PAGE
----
Other AR program factors that cause the level of staff and budget resources to vary include the following, along with questions to ask in each area:

Specific Charter:

  • Does the program focus mainly on “Shaping Marketing Perception” among a small group of key analysts?
  • How many analysts is the program attempting to influence?
  • Does the program use advisory to improve company decision making?
  • Does the program support the Sales organization?
  • Is the program a strategic initiative with active executive sponsorship, or just a “checkbox” to be completed by Marketing before each product release?

Stage of Effectiveness/Maturity:

  • Is the program new and, therefore, focused on building awareness and gaining coverage among analysts? Or, is the program mature and striving to achieve dominance in its markets?
  • Has the program developed an “Extended AR Team” to provide additional “off-budget” resources from other departments (e.g. business development, marketing intelligence)?
  • Has the AR program established training, best practices, and processes to increase core and extended AR team productivity?
  • Do executives fully support and actively participate in AR’s outreach efforts?

Level of Infrastructure:

  • Do AR managers dedicate resources to track analyst comings and goings, or subscribe to an outsourced analyst database that tracks this information for them?
  • Do AR managers commit resources to preparing briefing books and reports, or leverage software applications that do this work for them? Is that work outsourced to an agency?
  • Do AR managers devote resources to tracking and responding to analyst firm reports/quotes, or do managers receive automated, customized data feeds and alerts with relevant research/mentions tagged and categorized according to sentiment?

Complexity of Analyst Situation:

  • How many non-overlapping product groups do the analysts cover?
  • How many analysts cover more than one of your products?
  • What is your mix of major analyst and small boutique firms?
  • What is your mix of your revenues from mature vs. emerging markets? Do they map to SBUs of different sizes?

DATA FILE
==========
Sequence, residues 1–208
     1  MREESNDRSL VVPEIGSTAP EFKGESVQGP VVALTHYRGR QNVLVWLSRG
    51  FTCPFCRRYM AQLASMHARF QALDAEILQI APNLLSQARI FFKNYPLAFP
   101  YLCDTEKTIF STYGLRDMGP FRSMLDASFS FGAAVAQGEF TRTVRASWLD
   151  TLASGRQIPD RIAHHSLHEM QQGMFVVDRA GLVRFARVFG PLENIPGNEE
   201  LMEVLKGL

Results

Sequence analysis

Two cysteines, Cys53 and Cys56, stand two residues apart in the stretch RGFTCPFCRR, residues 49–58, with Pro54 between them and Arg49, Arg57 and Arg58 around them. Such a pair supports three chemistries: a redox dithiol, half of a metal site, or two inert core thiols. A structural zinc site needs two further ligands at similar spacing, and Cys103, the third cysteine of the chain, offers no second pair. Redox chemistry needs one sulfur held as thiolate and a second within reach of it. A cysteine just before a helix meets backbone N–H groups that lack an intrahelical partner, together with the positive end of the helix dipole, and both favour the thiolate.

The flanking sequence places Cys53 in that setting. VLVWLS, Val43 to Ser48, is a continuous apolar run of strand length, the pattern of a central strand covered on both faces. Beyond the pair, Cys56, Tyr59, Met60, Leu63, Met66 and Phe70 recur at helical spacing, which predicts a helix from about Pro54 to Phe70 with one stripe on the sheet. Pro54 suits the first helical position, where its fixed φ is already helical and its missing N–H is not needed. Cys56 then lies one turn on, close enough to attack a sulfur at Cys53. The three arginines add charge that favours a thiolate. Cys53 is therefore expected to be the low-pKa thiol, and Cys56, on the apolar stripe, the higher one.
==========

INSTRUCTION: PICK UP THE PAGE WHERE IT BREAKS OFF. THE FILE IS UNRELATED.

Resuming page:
• How many signature research reports (e.g., Gartner Magic Quadrants, Forrester Waves) are published on your market(s)?

SageCircle Technique: To sort through these variables, SageCircle recommends developing an AR Strategic & Tactical Plan to:

  1. Identify measurable goals aligned with corporate objectives
  2. Define the tactics through which these goals will be achieved
  3. Lay out a calendar of activity triggers and interactions
  4. Specify the resources required to execute these tactics (use a predictive workload model to estimate the amount of labor required per month)

Bottom Line: There is no magic “Rule-of-Thumb” that AR managers can use to estimate-or justify-their AR programs’ size.  However, the appropriate size of an AR team can be determined through the AR planning process. Basing resource recommendations on your AR plan’s intended business results more accurately estimates the staff and budget size you need while providing proof points to convince executives of AR’s value.

Question: Do you have a formal AR plan that incorporates labor requirement estimates?

Advertisements

2 Responses

  1. Hi Carter,
    Nice post. I’d also add how much market intelligence (MI) is the AR team asked to do. It can range from almost none (there’s always some: you’re not going to not respond to an email from someone important) if there’s a separate MI/CI team to quite a lot if it’s in the AR team’s charter.

  2. […] Earnings calls are scheduled -…Miramon on The Volume of Analyst Publishi…Ludovic on The Size of the AR Team [AR pr…Whitehair on Should your industry analyst […]

Comments are closed.

%d bloggers like this: